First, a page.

Damian Clark: Extra Show | Edinburgh Fringe review by Jay Richardson
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Damian Clark: Extra Show

Edinburgh Fringe review by Jay Richardson

Damian Clark isn't the first male comic to have his life turned upside-down by the arrival of a baby.

But the lively, Dublin-based Australian gives one of the best and most self-damning depictions of a floundering attempt to cope. Previously indifferent to the charms of newborns, he capably conveys his obliviousness with expressive physical act-outs, with strangers dashing through traffic in order to show him how to properly support the baby's head.

Elsewhere, he very much empathises with an infant's constant state of disruption, wonderfully evoking the terror of being lulled to sleep, only to then find yourself in a car seat suddenly being shot down the motorway.

Instinctively silly, Clark acknowledges that while other Fringe performers have been doing their classically trained warm-up exercises, he's been practising fart choruses, seeking advice on whether inhaling or exhaling on the raspberry is funnier at any given point. He retains some cynicism though, as he bemoans the substitution of his actual friends for a milieu of fellow parents. And his relationship with his wife is nicely sketched in a running gag on the mispronunciation of her name.

He's particularly funny and inventive in despair, his subterranean flat prompting an analysis of Edinburgh's multi-level cityscape that's like Dante's seven terraces of purgatory. Enjoyably, unsentimentally critical of other parents, his own ineptitude doesn't prevent him from picking myriad faults in what others are doing. Indeed, tossing hypothetical babies around like rugby balls, he's about as lacking in mawkishness with the whole endeavour as it's possible to be, never in danger of alienating the non-breeders in the room.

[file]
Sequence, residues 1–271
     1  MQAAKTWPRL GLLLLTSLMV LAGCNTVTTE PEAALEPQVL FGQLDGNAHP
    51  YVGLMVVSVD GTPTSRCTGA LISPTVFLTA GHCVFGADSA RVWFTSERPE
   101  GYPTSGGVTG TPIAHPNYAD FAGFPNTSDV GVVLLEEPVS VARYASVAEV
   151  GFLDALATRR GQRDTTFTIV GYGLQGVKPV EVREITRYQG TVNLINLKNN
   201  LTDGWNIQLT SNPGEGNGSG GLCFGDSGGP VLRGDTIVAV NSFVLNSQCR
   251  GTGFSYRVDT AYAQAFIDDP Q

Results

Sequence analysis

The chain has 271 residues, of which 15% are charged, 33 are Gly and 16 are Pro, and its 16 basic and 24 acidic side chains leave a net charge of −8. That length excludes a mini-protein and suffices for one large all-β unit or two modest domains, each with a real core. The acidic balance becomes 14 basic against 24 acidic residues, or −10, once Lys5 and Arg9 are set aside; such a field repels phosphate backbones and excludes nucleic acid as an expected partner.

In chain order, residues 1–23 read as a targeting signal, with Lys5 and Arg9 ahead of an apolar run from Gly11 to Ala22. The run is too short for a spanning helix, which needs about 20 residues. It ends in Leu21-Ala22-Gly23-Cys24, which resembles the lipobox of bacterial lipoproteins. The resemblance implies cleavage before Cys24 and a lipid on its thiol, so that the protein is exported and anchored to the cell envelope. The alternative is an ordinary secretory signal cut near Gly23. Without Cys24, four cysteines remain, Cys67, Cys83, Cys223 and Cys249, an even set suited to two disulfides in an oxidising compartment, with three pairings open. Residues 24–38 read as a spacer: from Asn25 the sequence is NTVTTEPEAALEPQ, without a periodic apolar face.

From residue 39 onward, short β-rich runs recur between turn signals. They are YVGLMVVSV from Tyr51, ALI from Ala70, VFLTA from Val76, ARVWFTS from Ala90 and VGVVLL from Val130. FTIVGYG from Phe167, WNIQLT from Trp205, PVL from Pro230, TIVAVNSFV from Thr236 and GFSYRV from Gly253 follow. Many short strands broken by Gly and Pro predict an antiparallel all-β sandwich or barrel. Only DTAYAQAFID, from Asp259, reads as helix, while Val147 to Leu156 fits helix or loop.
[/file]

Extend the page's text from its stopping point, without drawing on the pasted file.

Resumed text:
The show is split into two halves, Clark's fatherhood experiences and an ill-conceived trip he took to Bristol with fellow comic Willa White when his wife was pregnant. Hoping to surprise his beloved with a car at Christmas to drive her to the labour ward, the favourable exchange rate saw him and White identify a couple of bargain motors for sale across the English Channel. Using a little white lie that he was gigging in Northern Island, he set off to bring the four wheels home.

Suffice to say, events don't exactly unfold as intended, with his sob story and garrulous cheek failing to arouse the sympathy of Her Majesty's police. With the baby due any day and his mobile phone confiscated, he frets about being absent from the birth of his firstborn.

Unfortunately, while motorway hurtling with police cars in pursuit and uneven banter with unsmiling detectives plays to Clark's energy and sense of mischief, the observational material of being banged up in a police cell for an unspecified number of hours really doesn't, and his tale loses momentum around the 40-minute mark. 

Still, there's an amusing coda. And it shouldn't detract too greatly from what's an animated, sporadically hilarious portrait of a sleep-deprived man on the edge, clumsily trying to do his best for his family.

Review date: 25 Aug 2018
Reviewed by: Jay Richardson
Reviewed at: Gilded Balloon Teviot

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